Jesus has not come back, but gone on! And where he goes, we go as well.
So now we find ourselves standing on this side of the cross and wondering what we are to make of it all. We are not debating the events of Easter, but we are awe-struck at what all this means for Jesus and for us. If God would do that for Jesus, just maybe also for me?
We are choosing not to be snookered by the skepticism of our age.
Instead we find ourselves standing in the presence of mystery, and we acknowledge the mystery, without seeking to explain it.
As when we witness a child's birth. We stand in the presence of mystery. We understand the genetics, but where did the life come from? Or when we sit with a dying friend and finally they pass over. They are no longer with us. We understand the biology of what happens, but where did that life go? Or perhaps that mysterious dynamic we experience when someone extends extends a hand to us in friendship and love just at the moment when we are vulnerable.
The execution of Jesus by the Roman powers in ancient Palestine was not the end of him, much as they expected it would be. Jesus was dead; well and truly dead. But Jesus lives. The crucified one has become the risen one. The risen one has become the Spirit present in the gathered community. And all of this, for people of faith, is the work of God.
So we go back to the question of what was it about the life of Jesus—and Jesus’ response to God in his life—which elicited this remarkable turn of events? What are the characteristics of a life that even death itself cannot quench? Here are some that we can see in the historical data about Jesus:
- a life of faithfulness lived for its own sake …
- a willingness to pour himself out for others …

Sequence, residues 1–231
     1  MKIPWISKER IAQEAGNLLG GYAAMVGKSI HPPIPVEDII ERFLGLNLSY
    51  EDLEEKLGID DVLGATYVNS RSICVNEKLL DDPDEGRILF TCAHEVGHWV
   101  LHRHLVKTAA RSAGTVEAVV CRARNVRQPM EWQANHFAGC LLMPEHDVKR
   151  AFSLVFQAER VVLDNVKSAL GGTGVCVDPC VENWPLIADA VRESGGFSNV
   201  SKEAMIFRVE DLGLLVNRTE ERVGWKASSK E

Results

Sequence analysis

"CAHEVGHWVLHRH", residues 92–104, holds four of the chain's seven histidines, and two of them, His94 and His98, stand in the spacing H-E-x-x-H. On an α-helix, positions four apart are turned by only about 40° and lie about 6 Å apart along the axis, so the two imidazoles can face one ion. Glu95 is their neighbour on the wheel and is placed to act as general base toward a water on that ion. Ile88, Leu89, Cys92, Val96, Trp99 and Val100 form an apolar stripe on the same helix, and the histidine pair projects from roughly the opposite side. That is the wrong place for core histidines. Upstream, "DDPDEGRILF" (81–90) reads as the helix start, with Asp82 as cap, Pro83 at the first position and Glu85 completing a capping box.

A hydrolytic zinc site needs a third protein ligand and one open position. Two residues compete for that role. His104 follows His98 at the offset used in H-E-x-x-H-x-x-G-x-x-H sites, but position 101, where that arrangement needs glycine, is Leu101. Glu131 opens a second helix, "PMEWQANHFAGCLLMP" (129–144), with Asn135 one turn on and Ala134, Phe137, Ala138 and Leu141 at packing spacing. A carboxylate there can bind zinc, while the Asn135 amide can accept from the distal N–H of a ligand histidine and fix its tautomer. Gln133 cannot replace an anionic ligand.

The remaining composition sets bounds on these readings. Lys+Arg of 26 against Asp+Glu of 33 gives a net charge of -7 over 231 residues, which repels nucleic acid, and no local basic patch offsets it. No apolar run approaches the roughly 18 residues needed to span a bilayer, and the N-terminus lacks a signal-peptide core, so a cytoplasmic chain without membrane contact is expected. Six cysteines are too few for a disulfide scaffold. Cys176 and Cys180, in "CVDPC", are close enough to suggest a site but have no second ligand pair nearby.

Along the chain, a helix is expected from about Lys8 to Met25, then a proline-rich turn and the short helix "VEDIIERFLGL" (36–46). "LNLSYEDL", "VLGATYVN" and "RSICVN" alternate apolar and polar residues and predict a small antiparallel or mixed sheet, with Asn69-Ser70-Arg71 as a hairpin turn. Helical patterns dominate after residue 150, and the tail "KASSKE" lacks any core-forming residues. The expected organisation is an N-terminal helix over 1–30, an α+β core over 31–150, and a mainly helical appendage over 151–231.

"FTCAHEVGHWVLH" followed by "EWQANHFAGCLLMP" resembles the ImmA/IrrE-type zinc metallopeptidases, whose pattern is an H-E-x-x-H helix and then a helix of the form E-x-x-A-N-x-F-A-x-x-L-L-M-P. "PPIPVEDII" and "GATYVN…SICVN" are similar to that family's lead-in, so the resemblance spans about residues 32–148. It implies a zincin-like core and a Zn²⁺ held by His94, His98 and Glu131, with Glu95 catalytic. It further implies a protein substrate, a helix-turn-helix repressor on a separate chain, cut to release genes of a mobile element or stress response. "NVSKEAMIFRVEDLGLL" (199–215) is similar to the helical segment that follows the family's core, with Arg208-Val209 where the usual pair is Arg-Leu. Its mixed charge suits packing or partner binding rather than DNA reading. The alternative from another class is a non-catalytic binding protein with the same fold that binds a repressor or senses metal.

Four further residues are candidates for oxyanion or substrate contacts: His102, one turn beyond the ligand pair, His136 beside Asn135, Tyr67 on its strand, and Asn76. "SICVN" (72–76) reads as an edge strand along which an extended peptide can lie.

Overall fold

- a courage to follow the call of God upon his life …
- a capacity to see the power of love trumps the love of power …
- a quiet confidence that God’s empire belongs to the least of these …
… these are the ingredients of a life that even death itself cannot quench
What if we lived like that?
Encountering the risen Jesus
In today's gospel reading the women come to the tomb to complete the process of preparing Jesus for burial. They had no expectations of divine intervention to turn upside down all that had happened to Jesus on Good Friday.
To their surprise they find the tomb empty and a messenger waiting to speak with them. The messenger tells them they are looking for Jesus in the wrong place. The angel reminds them of Jesus’ words that he would meet them in Galilee, and sends the women to get the men and return to Galilee.
Galilee was home for those disciples, both women and men. Go back home, there you will see him. Just as he told you! Get back to everyday life, for there the Risen One will be encountered.
They were looking for the body of Jesus, but went to the wrong place. We can make a similar mistake. If we are seeking the presence of the risen Jesus, look around us!
Each Eucharist we say:
We are the body of Christ.
His Spirit is with us.
But have we really listened to the words we say?
If we are seeking the outcomes of Jesus’ life of faith look around this church.
After almost 2000 years, his work continues. To use the haunting words of Catholic theologian, Elizabeth Johnson, ‘the church is the community where the dangerous memory of Jesus is kept alive.’ We keep alive the dangerous memory of a Jesus who cannot be stamped out by those who prefer power over love, a Jesus that even death cannot silence, and a Jesus whose simple faithfulness to God’s call on his life is the wisdom we need for a life worth living.
Easter is a festival of transformation, and transformation of the most surprising characters. Not the rich and powerful, not the most religious, not the best connected—but those who live with simple trust like that of Jesus.
This morning we celebrate the transformation of Jesus.
This morning we celebrate the transformation of ourselves.
And we celebrate the transformation of the church as it keeps alive the dangerous memory of Jesus.